New Policy Refuses to Pay Bills For Patients Diagnosed with Non-emergency Condition
If you have been injured in a car accident in Fort Worth, how do you know whether your serious symptoms are a true “medical emergency?” You don’t. Only a doctor can know that,
That’s precisely the problem with the latest trend in health insurance that will deny payment of emergency room bills if the insurance company arbitrarily decides that your visit was not necessary.
Effective on July 1st, this new rule was started by two of the largest companies, Blue Cross and Blue Shield and Anthem, in three states.
You’ll get stuck with a huge bill from the hospital, ER, radiologist, specialists, and ambulance. After many car crashes, these charges can quickly add up to well over $10,000.00.
This unbelievable policy forces patients to immediately and correctly diagnose their injuries as they sit in their cars dazed or lie on the side of the road after a car wreck. They will have to weigh the risks of going to the emergency room versus waiting-and-hoping for the best. The repercussions of getting it wrong are enormous. What if they are have a broken bone, herniated disc, or brain bleed and don’t know it?
This is a serious problem for the victims of automobile wrecks — and for every one else.
You know that since this new policy will save the health insurance companies a ton of money, the other companies will adopt this infuriating idea and take it nationwide.
It’s Just a Matter of Time Before This Policy Hits Texans
As Dr. Becky Parker, the president of the American College of Emergency Physicians, explained:
“The insurance company is not here to take care of people. They are here to make money. Our concern is that the insurance industry is trying to push this nationally.”
Your condition could easily worsen and cause irreparable damage if you don’t get the emergency care you need right away. However, if you go and your visit is deemed unnecessary by someone sitting in a cubicle, you will owe thousands in medical bills and your credit will be harmed.
The dilemma is even worse if your teen’s health is at stake. This ridiculous scheme excludes patients 13 and younger, but you would have to decide whether your 14 year-old child was sick enough to go to the emergency room. No parent should be placed in this terrible position.
Medical experts conclude this is a bad idea
An illuminating article published in the leading medical journal JAMA explored the policy of denying payment if the patient’s emergency room discharge reflected a non-emergency condition.
Researchers determined that “the limited concordance between presenting complaints and ED discharge diagnoses suggests that these discharge diagnoses are unable to accurately identify non-emergency ED visits.”
In other words, the patient may have made the right decision to rush to the ER even if he actually wasn’t as ill or injured as he thought. According to this study, he would have no way of knowing that his symptoms were not a serious medical emergency until a doctor properly diagnosed him. A patient who made a smart choice would nonetheless be punished if he turns out to be okay.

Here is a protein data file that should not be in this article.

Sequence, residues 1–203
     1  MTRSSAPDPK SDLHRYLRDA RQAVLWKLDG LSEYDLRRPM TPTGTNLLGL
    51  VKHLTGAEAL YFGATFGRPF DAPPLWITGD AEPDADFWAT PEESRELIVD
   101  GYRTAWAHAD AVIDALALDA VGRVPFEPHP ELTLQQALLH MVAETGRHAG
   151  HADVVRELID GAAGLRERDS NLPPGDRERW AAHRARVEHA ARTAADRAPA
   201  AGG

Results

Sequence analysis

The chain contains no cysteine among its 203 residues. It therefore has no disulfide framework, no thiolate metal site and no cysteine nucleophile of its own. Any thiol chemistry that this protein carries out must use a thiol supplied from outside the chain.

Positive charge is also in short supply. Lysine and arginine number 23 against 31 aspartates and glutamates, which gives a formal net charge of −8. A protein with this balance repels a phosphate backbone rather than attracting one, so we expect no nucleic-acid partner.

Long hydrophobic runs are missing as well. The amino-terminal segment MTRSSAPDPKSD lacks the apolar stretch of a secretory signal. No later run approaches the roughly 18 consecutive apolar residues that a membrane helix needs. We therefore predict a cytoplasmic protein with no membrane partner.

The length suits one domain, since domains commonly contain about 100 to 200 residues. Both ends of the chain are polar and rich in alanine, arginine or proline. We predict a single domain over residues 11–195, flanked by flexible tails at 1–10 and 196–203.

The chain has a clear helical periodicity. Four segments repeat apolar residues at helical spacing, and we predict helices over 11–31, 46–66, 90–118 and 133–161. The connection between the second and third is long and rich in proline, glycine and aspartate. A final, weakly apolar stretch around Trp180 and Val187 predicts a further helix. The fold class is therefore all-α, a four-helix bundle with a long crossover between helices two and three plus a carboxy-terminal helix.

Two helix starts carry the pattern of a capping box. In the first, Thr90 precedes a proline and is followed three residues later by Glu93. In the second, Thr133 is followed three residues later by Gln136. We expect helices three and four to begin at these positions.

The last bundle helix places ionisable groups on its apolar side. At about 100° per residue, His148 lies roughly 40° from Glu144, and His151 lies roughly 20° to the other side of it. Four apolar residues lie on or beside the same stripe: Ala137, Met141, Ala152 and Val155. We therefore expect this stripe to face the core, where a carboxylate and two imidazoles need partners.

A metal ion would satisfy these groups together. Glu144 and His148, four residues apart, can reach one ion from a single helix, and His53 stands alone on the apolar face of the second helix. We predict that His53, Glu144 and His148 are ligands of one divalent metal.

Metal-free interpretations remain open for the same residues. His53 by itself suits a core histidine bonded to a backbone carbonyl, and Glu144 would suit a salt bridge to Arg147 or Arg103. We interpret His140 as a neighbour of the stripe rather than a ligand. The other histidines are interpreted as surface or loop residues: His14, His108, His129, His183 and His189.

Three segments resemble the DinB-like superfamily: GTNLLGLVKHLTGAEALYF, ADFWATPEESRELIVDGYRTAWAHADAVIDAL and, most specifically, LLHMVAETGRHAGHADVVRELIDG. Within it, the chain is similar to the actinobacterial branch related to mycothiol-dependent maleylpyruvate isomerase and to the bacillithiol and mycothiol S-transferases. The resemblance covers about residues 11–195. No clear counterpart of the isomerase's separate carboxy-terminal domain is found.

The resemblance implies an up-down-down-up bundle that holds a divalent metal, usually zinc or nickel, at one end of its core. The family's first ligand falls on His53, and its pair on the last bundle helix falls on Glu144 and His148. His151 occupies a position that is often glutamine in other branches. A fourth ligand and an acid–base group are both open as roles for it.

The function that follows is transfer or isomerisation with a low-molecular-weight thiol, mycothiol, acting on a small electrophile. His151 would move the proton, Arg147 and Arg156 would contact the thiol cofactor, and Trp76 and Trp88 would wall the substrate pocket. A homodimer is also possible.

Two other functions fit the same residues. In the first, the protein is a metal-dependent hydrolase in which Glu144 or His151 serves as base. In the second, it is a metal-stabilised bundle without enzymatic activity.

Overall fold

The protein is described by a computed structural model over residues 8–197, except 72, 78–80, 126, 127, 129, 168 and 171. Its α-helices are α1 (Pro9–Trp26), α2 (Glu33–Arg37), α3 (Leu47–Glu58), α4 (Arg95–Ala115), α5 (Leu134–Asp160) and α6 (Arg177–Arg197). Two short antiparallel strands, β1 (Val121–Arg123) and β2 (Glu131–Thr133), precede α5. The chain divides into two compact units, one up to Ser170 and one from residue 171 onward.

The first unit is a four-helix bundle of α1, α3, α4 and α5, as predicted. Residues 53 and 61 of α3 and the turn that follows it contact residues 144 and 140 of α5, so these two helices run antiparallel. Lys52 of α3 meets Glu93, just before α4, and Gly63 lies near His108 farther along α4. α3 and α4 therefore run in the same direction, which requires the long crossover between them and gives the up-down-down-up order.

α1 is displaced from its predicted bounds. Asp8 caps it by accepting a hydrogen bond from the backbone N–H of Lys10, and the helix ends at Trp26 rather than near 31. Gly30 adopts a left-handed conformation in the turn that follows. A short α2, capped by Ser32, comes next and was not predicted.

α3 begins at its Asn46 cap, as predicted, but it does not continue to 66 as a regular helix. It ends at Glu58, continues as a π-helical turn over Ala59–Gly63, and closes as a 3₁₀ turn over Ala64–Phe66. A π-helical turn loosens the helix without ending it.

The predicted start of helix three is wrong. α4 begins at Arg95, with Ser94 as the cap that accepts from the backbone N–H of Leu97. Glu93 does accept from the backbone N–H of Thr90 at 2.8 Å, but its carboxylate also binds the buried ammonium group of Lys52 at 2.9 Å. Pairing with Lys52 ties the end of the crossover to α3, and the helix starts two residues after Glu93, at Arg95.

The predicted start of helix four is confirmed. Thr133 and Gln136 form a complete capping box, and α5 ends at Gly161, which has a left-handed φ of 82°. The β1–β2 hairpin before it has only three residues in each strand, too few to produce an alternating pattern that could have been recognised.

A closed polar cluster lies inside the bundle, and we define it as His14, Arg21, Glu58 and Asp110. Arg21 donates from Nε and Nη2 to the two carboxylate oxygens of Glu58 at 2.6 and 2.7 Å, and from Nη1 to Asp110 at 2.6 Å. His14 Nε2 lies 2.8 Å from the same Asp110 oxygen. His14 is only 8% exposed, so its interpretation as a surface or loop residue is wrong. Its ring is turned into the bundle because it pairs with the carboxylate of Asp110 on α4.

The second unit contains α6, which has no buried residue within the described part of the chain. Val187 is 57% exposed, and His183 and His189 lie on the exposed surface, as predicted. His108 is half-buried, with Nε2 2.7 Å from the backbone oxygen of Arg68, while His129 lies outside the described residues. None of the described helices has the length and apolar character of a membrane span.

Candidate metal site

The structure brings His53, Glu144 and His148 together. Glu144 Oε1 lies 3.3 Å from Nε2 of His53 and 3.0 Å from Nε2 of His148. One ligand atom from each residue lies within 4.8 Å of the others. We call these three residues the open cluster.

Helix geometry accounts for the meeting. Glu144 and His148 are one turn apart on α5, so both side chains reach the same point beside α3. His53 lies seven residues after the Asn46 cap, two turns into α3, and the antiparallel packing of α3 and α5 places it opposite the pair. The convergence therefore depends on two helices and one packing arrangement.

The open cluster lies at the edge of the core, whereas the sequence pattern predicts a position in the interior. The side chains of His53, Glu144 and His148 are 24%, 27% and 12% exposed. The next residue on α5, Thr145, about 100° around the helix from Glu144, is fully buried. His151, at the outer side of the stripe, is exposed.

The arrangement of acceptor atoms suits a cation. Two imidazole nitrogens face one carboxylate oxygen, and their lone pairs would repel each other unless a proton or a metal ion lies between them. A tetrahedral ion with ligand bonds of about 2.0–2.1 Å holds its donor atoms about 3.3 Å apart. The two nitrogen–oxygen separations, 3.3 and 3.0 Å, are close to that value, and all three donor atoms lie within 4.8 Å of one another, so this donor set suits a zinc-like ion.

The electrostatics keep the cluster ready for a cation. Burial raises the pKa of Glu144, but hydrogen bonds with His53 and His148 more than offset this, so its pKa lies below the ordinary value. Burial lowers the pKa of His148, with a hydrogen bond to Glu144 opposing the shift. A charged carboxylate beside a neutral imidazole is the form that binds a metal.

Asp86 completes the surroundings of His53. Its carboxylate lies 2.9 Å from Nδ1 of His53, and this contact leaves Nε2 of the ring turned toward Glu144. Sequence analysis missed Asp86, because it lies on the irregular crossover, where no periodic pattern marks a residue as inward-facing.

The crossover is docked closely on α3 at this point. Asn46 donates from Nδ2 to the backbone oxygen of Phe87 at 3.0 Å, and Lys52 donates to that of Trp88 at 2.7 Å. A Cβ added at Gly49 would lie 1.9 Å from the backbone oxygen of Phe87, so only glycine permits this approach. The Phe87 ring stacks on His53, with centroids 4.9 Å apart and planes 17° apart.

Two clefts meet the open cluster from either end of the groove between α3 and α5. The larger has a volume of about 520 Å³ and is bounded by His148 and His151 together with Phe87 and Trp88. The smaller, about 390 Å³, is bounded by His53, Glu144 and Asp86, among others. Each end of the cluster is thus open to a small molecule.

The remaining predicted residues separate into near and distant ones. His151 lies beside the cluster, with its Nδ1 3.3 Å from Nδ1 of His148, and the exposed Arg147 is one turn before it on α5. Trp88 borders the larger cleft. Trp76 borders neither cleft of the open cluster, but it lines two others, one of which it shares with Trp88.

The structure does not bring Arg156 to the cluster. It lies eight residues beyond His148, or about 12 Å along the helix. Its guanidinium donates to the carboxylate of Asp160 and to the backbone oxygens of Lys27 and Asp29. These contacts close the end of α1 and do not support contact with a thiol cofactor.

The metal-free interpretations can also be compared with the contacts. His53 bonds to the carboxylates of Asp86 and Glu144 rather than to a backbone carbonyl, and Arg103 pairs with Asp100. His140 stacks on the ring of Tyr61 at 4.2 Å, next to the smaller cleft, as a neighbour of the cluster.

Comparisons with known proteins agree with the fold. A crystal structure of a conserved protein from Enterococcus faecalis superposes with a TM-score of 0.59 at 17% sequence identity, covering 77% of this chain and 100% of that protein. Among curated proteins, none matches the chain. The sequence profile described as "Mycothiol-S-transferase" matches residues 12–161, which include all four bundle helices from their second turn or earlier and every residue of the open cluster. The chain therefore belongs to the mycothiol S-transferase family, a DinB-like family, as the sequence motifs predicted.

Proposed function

Like Russian roulette, a patient has no way of knowing what will happen until he pulls the trigger. But even the good news is bad news.
Patients will be denied basic health care under this cost saving measure
During my almost four decades of auto accident practice, I have often seen severely injured clients who initially thought they were okay because their symptoms were not that bad.
For example, a concussion can present as merely a very mild headache, but could result in permanent brain damages if undiagnosed — particularly if the patient doesn’t take precautions to avoid another head injury. Internal organ damage may be virtually undetectable at first, and yet could deteriorate into a health crises if left untreated.
My concern is that this new policy will have a chilling effect on patients who require immediate medical attention. As it stands, the insurance company can wash its hands of it with the self-serving explanation that he should have gone to the hospital, knowing good and well why he didn’t.
A personal injury lawyer will be able to argue to your health insurance company that your ambulance ride to the emergency room and the medical treatment you received there was reasonable and try to force the company pay its part of the bill. This is important because usually a large part of the balance is written off after this happens, saving you a lot of money.
And the car wreck lawyer will use those bills to make the other driver’s liability insurance company, or a jury, pay you back for your medical bills, lost wages, pain and suffering, and other damages you have suffered.
I urge our state legislature or national congress to make this cost saving measure illegal or at the very least, reel it in. Denying injured people and sick patients emergency care is a terrible way to save these gargantuan insurance companies money.